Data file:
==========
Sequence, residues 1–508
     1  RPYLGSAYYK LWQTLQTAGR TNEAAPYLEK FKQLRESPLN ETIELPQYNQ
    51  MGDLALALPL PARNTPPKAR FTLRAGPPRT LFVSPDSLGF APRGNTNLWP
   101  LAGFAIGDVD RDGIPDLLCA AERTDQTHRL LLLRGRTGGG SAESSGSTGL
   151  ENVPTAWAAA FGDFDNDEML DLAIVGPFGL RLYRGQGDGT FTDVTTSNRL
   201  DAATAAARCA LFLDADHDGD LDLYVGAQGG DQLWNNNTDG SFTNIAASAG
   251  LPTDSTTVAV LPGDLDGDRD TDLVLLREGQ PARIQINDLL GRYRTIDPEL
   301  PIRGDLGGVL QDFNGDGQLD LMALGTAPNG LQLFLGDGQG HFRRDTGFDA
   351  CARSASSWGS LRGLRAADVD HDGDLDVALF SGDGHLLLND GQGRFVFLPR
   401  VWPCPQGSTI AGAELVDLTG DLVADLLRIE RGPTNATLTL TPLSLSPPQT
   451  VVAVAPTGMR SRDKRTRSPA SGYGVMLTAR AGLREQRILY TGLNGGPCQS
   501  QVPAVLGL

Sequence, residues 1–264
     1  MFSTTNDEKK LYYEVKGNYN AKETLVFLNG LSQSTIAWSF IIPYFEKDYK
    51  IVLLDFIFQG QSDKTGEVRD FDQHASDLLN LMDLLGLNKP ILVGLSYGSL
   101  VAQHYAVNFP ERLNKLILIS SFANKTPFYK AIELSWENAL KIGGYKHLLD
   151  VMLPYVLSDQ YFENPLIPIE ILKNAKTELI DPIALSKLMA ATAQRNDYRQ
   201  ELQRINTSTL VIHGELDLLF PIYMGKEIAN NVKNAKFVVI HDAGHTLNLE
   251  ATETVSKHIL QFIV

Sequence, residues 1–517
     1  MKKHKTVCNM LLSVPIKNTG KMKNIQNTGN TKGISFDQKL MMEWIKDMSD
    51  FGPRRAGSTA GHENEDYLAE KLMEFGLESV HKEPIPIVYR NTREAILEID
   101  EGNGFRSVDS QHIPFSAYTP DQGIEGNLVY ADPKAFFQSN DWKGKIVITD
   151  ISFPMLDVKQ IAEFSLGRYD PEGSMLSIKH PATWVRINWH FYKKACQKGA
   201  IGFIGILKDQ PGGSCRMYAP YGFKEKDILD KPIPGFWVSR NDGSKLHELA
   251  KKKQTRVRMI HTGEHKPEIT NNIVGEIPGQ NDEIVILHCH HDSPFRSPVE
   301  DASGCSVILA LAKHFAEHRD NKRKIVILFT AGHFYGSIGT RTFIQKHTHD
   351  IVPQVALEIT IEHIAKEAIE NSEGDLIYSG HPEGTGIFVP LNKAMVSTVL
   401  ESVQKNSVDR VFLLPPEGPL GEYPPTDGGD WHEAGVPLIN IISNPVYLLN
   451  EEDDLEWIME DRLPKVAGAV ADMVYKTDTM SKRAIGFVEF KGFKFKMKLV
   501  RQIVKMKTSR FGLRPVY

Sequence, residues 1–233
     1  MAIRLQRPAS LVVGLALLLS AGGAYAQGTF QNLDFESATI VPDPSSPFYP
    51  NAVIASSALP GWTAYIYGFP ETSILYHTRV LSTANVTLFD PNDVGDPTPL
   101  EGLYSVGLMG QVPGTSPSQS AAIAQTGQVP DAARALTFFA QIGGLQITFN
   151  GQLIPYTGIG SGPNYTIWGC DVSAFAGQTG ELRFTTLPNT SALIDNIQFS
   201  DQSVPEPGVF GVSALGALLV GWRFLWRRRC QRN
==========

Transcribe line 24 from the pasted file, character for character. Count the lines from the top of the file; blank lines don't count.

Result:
   151  ISFPMLDVKQ IAEFSLGRYD PEGSMLSIKH PATWVRINWH FYKKACQKGA